The floor has a depression at the TY...1/2 -5/8 heads towards the toilet; 1/4 depression heading to the pass through area....like a widespread V.

The tub is set level, but at the drain end it is NOT resting on the floor. The tub is a jacuzzi with "leveling feet" that I shimmed with cedar. The "leveling feet" is really just some sort of expanding foam that is cut into blocks and glued/formed on the tub's bottom. I added some MORE expanding (with the tub full of water to minimize and re-shaping of the tub's floor) foam under the tub - in addition to the cedar shims.
At the drain end, you can get a measurement of how far off the floor it is. I can get that dimension, if need be.

An area in the pass through IS level.
I didn't spend much time getting the measurement I gave. I put a 4' level from the toilet/tub wall to center - leveled and measured ~ 1/2 -5/8 depression.
In the pass through, from wall to center ~ 1/4".
I attribute this depression to the butchering the joists took from the previous rough plumbing/DWV lines.

********
jeff,
Yes...Jack and Jill ! LOL Thanks.
Starting at the door side of the room, does the floor fall 5/8"and then rise 1/4" by the toilet, or is it the other way around?
The other way around....the passthrough area[0"] begins to drop 1/4" to center (by TY in floor)...from center (TY)[1/2" -5/8"] to toilet area[0"]
The doors ARE the highest point.

************

Speaking of doors....I am concerned/clueless with the thresholds.
Does the subfloor get tiled right to the jamb/buck and under the door gets the piece of marble to transition to the carpet?
The floors are at different heights (bedroom to bath to bedroom).Each bdrm is 3/4" (+/- 1/8") LOWER than the bath floor. Such I be concerned about the transition or not? (Basically, is this a common size?)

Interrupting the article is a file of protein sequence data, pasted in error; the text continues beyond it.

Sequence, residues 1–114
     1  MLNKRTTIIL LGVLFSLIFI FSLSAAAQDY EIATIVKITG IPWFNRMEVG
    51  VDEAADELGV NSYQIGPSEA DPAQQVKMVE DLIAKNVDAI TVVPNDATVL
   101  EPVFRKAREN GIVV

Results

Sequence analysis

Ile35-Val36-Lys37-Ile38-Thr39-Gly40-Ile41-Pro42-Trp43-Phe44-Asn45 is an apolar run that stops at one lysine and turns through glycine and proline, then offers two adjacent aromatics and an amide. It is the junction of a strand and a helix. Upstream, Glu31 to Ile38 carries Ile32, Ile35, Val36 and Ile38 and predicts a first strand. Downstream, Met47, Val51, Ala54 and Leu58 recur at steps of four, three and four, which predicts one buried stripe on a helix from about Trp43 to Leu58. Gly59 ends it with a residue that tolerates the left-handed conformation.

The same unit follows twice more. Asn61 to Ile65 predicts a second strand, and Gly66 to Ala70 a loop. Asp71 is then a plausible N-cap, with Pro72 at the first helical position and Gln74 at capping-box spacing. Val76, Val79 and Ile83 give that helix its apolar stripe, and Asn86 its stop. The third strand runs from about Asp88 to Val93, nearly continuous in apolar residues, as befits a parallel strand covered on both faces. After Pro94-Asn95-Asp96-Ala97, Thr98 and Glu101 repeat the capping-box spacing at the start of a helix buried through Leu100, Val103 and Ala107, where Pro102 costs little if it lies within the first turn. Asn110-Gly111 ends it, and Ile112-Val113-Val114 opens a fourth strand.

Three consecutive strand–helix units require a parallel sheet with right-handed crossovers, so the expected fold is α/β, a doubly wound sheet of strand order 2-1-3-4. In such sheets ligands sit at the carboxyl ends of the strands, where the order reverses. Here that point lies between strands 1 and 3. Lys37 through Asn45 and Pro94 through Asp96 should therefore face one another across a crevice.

jdm
05-16-2006, 09:54 PM
Tony --

Threshold treatment varies by geography. Some places, like the NYC area, marble thresholds are the norm. Being from that area myself, I like the look of the thresholds.

In other areas, it is common to butt the different flooring materials together. Usually the goal is to put the seam centered under the door, so that the flooring from the other side of the door is not visible when the door is closed.

You may want to ramp the floor under the carpet a bit to ease the transition to the tile.

Tony Bagadonutz
05-16-2006, 10:11 PM
jeff,
any suggestions on a SLC product to level this floor a bit?

jdm
05-16-2006, 10:22 PM
I've never used SLC myself, but most of the guys here recommend Custom's LevelQuik RS as good and reasonably priced. You can find it at Home Despot. Over plywood, I believe that you have to paint on two coats of a special primer and nail down lath. Note that speed is of the essence when pouring SLC. You'll need a helper and to have all of your ducks in a row before you start.

Hopefully others with SLC experience will chime in. You could also try to search the forum for SLC.

Here's the LevelQuik RS data sheet (http://www.custombuildingproducts.com/docs/data_sheets/DS032.pdf?user=pro&lang=en).

Tony Bagadonutz
05-17-2006, 02:56 PM
Over plywood, I believe that you have to paint on two coats of a special primer and nail down lath

hmmm....how is that lath going to affect the Ditra?

Davestone
05-17-2006, 03:00 PM
This should happen before the Ditra.

jadnashua
05-17-2006, 05:22 PM
You need to pour enough slc to cover the lath when it is used. You end up with a nice smooth surface.

Tony Bagadonutz
05-18-2006, 03:15 PM
How thick is the lath?

Should I lay the lath over the entire floor, or just the "problem" areas?

Any preference - metal or plastic lath?

I appreciate everyone's time in responding to my questions - Thanks!